Office of Indian Energy Policy and Programs

Community Solar to Meet 100% of Energy Costs for New Mexico Tribe

January 11, 2018

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Picuris Pueblo solar array.
The $2.2 million community solar array will generate 2.6 million kilowatt-hours of electricity each year for the Picuris Pueblo. Photo from the Northern Pueblos Housing Authority

Demonstrating the Tribe’s dedication to energy independence and sustainable development, on Dec. 18, 2017, the Picuris Pueblo of New Mexico celebrated the completion of a new 1-megawatt (MW) community solar photovoltaic (PV) array that will offset 100% of the cost of the energy currently used by the tribal buildings and residences on the Picuris trust land.

The Northern Pueblos Housing Authority (NPHA) broke ground on the project in April after partnering with the Picuris Pueblo to secure a $1 million grant from the U.S. Department of Energy (DOE) Office of Indian Energy in 2016, with the Tribe contributing $1.2 million in cost share. NPHA is a tribally designated housing entity that provides housing and community development services to the Tribe and acted on the Tribe’s behalf to develop the solar array.

People sitting in chairs alongside fence and solar arrays.
Community members joined project officials, administrators, and tribal leaders at the December 18 ribbon-cutting celebration for the Picuris Pueblo community solar array. Photo from DOE

The project marks the culmination of several years of progress toward the Tribe’s target of 100% renewable energy production on the Pueblo. In 2014, the Office of Indian Energy led a strategic energy planning workshop for Picuris to help the tribe develop its energy vision as well as a plan for achieving it. One of the strategic goals that came out of that workshop was to “encourage energy independence through self-generating clean energy, which demonstrates initiative and models innovative green leadership.”

In 2015, the Picuris Pueblo made strides toward that goal by building the Tribe’s first net-zero energy building, a solar-powered fire station, and renovating their gymnasium with the help of the Office of Indian Energy's Strategic Technical Assistance Response Team (START), a competitive program for long-term technical assistance support. Through START, the Picuris Pueblo also participated in a 2016 solar operations and maintenance training led by DOE’s National Renewable Energy Laboratory (NREL) and GRID Alternatives to gain hands-on experience with solar tools, equipment, and system components. These activities laid the groundwork for the next step in the vision: the installation of the new ground-mounted solar array, which is sited on 6 acres of tribal trust land and will generate an estimated 2.6 million kilowatt-hours of electricity each year from approximately 3,800 PV panels.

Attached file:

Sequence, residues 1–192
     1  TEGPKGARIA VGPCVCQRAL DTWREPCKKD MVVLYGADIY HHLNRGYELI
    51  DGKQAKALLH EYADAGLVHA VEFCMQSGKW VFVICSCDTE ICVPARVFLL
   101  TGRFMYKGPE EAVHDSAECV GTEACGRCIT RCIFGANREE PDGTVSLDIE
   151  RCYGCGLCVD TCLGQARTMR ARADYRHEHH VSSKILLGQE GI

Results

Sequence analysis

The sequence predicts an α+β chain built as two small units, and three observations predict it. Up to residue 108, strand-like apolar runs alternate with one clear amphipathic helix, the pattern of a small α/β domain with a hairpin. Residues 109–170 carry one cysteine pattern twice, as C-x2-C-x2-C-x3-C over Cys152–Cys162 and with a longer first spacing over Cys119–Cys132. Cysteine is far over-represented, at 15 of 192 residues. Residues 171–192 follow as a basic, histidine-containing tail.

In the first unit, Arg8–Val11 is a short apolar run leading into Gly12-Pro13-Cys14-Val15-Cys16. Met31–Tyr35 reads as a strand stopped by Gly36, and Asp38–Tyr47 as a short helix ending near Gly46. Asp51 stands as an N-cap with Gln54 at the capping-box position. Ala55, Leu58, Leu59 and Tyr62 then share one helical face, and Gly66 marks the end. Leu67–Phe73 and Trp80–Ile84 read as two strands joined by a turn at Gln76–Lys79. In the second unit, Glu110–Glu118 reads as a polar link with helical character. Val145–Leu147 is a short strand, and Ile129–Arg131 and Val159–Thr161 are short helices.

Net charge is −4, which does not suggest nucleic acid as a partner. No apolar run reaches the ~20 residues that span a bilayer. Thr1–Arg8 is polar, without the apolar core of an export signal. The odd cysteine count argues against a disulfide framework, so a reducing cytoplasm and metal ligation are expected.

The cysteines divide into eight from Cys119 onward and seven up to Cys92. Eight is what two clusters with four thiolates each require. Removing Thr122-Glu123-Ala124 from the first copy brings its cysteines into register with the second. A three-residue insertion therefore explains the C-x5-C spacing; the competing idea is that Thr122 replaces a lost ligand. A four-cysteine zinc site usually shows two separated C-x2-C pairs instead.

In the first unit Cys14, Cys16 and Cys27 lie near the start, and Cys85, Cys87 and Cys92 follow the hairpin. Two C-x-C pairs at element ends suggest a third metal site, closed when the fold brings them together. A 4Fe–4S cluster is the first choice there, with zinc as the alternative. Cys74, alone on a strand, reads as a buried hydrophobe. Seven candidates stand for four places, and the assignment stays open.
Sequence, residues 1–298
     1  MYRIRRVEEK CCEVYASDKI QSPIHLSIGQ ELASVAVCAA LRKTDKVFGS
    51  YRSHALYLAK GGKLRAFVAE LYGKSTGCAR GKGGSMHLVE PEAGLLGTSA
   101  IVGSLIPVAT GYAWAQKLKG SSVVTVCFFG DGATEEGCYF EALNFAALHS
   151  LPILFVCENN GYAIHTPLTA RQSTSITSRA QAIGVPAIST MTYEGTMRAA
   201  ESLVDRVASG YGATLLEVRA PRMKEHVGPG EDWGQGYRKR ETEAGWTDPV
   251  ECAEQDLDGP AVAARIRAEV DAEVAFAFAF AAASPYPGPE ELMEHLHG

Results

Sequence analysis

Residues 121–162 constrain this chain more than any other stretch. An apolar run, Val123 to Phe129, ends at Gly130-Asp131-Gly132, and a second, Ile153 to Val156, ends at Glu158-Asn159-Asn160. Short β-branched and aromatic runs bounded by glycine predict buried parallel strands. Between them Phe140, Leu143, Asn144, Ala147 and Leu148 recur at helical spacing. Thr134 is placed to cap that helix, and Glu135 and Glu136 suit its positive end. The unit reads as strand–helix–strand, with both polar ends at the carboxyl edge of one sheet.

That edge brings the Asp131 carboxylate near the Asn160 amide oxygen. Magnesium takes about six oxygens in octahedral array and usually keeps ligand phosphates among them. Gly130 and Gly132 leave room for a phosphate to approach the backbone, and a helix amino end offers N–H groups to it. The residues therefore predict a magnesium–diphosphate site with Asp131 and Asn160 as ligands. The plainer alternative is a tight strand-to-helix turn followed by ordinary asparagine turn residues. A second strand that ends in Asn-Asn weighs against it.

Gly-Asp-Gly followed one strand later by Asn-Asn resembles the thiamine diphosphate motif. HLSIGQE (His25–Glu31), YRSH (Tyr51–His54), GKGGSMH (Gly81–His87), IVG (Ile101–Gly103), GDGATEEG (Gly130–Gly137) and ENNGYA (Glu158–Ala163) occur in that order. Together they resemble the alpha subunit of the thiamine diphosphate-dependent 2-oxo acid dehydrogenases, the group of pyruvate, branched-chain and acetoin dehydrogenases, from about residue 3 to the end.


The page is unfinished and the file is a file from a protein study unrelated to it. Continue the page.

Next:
“Working on this solar project with DOE and the rest of the team in creating self-sustainable energy for Picuris Pueblo will allow us to continue to flourish as a pueblo in Northern New Mexico,” said Picuris Pueblo Governor Craig Quanchello.

Two men stand in front of solar array.
Kit Carson Electric Cooperative Chief Executive Officer Luis Reyes (left) and Picuris Pueblo Governor Craig Quanchello collaborated with Northern Pueblos Housing Authority on the project. Photo from Kit Carson Electric Cooperative

Kit Carson Electric Cooperative negotiated a 25-year power purchase agreement (PPA) with the Pueblo to acquire all the energy produced by the project and provide the Pueblo with interconnection to the grid—a financial structure that promises to bring economic gain to the Tribe. With about 300 members and nearly 17,000 acres of forested land in a valley in southern Taos County, Picuris is the smallest, most isolated, and poorest of New Mexico's 19 pueblo tribes, and has an unemployment rate of around 40%. The majority of the revenue from the PPA will accrue to the Picuris Pueblo over the 25-year life of the project, to offset the cost of the total energy load of the Pueblo. The project developer Osceola Energy will also train Picuris employees to operate and maintain the system, providing jobs and continuing to build the tribal energy workforce.

“Working with the DOE Office of Indian Energy, their staff, and the staff at NREL during the development of the project and throughout the construction phase of the 1-MW solar array for Picuris Pueblo was a true testament to teamwork, and a partnership that I would gladly do again in a heartbeat,” said Jon Paul Romero, Executive Director of NPHA.

Learn more about the Northern Pueblos Housing Authority and Picuris Pueblo solar project.